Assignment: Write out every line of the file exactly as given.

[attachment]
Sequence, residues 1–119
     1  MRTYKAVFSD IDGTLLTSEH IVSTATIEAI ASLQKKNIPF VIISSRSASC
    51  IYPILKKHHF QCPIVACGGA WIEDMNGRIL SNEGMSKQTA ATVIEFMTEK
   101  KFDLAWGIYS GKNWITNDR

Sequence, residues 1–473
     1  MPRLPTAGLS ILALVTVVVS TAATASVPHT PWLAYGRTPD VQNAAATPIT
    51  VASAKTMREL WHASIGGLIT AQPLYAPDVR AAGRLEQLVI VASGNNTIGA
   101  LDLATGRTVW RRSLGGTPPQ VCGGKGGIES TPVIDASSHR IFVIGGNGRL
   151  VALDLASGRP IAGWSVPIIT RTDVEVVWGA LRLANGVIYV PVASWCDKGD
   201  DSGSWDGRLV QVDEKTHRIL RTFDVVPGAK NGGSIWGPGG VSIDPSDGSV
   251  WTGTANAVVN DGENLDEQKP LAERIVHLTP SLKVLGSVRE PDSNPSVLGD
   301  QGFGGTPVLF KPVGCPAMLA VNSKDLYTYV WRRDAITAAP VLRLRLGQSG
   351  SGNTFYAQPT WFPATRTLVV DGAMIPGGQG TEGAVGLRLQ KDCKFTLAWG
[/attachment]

Sequence, residues 1–119
     1  MRTYKAVFSD IDGTLLTSEH IVSTATIEAI ASLQKKNIPF VIISSRSASC
    51  IYPILKKHHF QCPIVACGGA WIEDMNGRIL SNEGMSKQTA ATVIEFMTEK
   101  KFDLAWGIYS GKNWITNDR

Sequence, residues 1–473
     1  MPRLPTAGLS ILALVTVVVS TAATASVPHT PWLAYGRTPD VQNAAATPIT
    51  VASAKTMREL WHASIGGLIT AQPLYAPDVR AAGRLEQLVI VASGNNTIGA
   101  LDLATGRTVW RRSLGGTPPQ VCGGKGGIES TPVIDASSHR IFVIGGNGRL
   151  VALDLASGRP IAGWSVPIIT RTDVEVVWGA LRLANGVIYV PVASWCDKGD
   201  DSGSWDGRLV QVDEKTHRIL RTFDVVPGAK NGGSIWGPGG VSIDPSDGSV
   251  WTGTANAVVN DGENLDEQKP LAERIVHLTP SLKVLGSVRE PDSNPSVLGD
   301  QGFGGTPVLF KPVGCPAMLA VNSKDLYTYV WRRDAITAAP VLRLRLGQSG
   351  SGNTFYAQPT WFPATRTLVV DGAMIPGGQG TEGAVGLRLQ KDCKFTLAWG